About the Artist

Janis Provisor

Janis Provisor was born in 1946 in Brooklyn. She grew up going to museums with her mother and excelling in art classes. To please her father, who was a lawyer, she enrolled in pre-law at the University of Michigan, but at the moment of committing to the program broke out in hives. She took this as a sign that she should study art instead, and went into the School of Architecture and Design at U. Michigan.

After further study in art at the College of Art, University of Cincinnati, she went to the San Francisco Art Institute where she gained both a B.F.A. and (in 1971) an M.F.A. In 1978 she was included in a show of six artists at the New Museum called "Outside New York." This led to an invitation to join New York's prestigious Holly Solomon Gallery.

The Holly Solomon Gallery was the focal point of the art movement called Pattern and Decoration, and Provisor, though more rooted in nature than some of the artists involved, was sympathetic to that approach. As a writer In ArtSpace said in 1990, "Provisor's is a romantic vision, but it is not dewey-eyed...It is both decorative and psychologically resonant, evoking in painterly terms the harsh beauty of nature viewed up close, and the quiet terror such intimacy inspires."

In 1989 Provisor made her first trip to China, traveling to Hangzhou and Shanghai with her husband, Brad Davis, to participate in the Crown Point Press woodcut program there. She and Davis have in common a love of Chinese painting and Chinese culture, and in 1993 they made the big decision to move to China with their (then) six-year-old son. They went back to Hangzhou and eventually they moved to Hong Kong. Their life in China stretched to nine years before they returned to New York in 2002.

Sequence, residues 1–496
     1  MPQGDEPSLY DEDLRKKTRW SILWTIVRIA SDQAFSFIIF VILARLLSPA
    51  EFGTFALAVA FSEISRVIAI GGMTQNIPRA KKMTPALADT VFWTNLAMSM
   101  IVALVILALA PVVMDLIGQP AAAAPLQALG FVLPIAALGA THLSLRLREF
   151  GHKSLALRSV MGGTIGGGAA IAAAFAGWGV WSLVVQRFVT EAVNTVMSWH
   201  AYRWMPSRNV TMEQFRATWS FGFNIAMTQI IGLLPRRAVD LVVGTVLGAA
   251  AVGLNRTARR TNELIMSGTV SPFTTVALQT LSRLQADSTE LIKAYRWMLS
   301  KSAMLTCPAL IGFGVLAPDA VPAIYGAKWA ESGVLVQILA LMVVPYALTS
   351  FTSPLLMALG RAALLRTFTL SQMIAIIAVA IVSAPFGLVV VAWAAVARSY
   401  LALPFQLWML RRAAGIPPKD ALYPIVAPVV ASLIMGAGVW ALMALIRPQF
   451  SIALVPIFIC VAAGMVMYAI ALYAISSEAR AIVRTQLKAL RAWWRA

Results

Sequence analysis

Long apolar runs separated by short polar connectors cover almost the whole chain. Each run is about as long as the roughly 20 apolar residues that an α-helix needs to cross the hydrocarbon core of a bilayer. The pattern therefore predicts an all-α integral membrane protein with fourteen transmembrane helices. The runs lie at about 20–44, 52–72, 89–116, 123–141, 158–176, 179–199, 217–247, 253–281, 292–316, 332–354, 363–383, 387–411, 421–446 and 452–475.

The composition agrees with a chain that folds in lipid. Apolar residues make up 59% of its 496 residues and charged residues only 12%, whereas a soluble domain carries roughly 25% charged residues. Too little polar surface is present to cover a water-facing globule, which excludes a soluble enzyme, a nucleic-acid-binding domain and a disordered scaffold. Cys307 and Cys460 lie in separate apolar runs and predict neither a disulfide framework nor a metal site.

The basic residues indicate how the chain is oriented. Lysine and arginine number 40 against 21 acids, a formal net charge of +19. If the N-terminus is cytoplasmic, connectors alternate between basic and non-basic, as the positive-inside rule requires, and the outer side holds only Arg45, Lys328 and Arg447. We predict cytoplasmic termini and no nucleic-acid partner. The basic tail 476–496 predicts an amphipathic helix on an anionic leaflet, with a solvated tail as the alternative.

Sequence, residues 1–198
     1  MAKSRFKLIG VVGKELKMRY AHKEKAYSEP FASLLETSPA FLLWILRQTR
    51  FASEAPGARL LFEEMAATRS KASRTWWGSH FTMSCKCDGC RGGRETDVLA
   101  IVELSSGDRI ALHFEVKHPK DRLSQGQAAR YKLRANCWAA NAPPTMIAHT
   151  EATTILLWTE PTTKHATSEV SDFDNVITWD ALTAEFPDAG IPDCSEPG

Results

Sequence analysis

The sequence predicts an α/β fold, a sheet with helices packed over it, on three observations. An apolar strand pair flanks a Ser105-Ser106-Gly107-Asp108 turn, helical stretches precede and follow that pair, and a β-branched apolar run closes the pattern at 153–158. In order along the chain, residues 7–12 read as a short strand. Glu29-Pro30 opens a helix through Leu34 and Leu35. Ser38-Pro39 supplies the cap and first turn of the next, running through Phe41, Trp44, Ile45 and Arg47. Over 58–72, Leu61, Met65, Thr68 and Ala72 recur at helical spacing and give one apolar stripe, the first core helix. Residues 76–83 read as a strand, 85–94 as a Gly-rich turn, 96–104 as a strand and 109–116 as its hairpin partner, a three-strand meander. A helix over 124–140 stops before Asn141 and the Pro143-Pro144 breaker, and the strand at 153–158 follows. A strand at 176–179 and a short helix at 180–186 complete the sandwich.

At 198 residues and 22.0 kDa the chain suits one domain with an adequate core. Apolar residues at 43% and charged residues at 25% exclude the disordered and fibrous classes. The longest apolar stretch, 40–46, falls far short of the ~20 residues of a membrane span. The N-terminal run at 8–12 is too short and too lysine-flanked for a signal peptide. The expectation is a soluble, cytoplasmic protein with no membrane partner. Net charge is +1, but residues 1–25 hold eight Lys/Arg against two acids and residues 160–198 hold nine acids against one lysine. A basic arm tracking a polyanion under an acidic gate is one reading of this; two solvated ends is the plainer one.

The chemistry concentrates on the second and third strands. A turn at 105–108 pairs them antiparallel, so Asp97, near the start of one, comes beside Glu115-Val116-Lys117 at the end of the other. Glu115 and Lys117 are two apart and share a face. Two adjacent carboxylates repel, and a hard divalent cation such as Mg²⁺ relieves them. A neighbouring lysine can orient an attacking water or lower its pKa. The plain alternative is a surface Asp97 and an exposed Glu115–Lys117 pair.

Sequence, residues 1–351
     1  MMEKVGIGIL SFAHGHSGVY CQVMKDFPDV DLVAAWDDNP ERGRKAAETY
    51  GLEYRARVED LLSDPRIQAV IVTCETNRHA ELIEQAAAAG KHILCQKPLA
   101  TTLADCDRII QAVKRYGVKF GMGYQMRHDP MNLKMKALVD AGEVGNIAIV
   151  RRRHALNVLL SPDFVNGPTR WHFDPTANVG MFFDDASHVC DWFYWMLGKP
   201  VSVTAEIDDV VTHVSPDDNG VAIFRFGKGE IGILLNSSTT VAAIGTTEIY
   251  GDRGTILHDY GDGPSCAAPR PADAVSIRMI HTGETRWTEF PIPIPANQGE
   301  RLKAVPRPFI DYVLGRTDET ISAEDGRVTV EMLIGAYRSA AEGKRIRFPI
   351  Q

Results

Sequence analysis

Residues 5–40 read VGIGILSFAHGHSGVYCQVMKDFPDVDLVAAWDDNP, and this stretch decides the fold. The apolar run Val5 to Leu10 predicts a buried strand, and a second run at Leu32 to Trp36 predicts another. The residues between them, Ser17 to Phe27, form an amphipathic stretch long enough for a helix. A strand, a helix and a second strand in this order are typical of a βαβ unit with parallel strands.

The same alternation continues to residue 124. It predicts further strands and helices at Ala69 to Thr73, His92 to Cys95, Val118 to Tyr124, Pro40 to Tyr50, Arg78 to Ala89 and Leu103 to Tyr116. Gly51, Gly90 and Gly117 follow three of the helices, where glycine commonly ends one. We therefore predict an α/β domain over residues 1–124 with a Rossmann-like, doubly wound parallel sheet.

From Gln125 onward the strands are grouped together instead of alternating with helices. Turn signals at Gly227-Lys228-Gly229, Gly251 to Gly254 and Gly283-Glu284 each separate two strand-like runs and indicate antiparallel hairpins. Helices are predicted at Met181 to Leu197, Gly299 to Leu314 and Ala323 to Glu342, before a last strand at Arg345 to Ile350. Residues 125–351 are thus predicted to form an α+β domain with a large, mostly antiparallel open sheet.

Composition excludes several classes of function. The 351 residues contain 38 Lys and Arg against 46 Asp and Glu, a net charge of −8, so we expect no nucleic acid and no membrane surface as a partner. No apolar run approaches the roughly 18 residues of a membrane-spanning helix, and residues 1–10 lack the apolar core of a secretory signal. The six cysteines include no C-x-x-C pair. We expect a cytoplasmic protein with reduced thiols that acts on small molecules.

Hangzhou is a center of the Chinese silk industry, and Davis had the idea that he and Provisor should design a silk carpet for their home and have it made there. This, wrote Steven Henry Madoff in a long article in the New York Times Magazine Design Supplement in 2003, "was a little like saying, 'Well, I'm in Texas, so I may as well drill an oil well.'" The project took years and involved rescuing a bankrupt rug factory, but now Davis and Provisor design, produce and sell silk carpets under the name Fort Street Studio, carpets described by Madoff as "silvery in the light, beige like suede or the resonant blue of night skies, with drifting brushstrokes or soft squares like tiles worn by age and weather."

There is a list of celebrity purchasers: Madonna, Elton John, Tom Clancy. Provisor and Davis, as Madoff concludes, have joined "the long history of artists crossing into craft, from William Morris to the Bauhaus and beyond."

Beyond that, Janis Provisor continues to pursue her paintings and prints. These come, she says, from a "more personal place" than her design work, and consequently are different. But she and Brad Davis, living now in New York, have put into action the ideas of William Morris and others, including the Pattern and Decoration artists of our time, that art, in addition to creating something new, should be beautiful and integrated into life.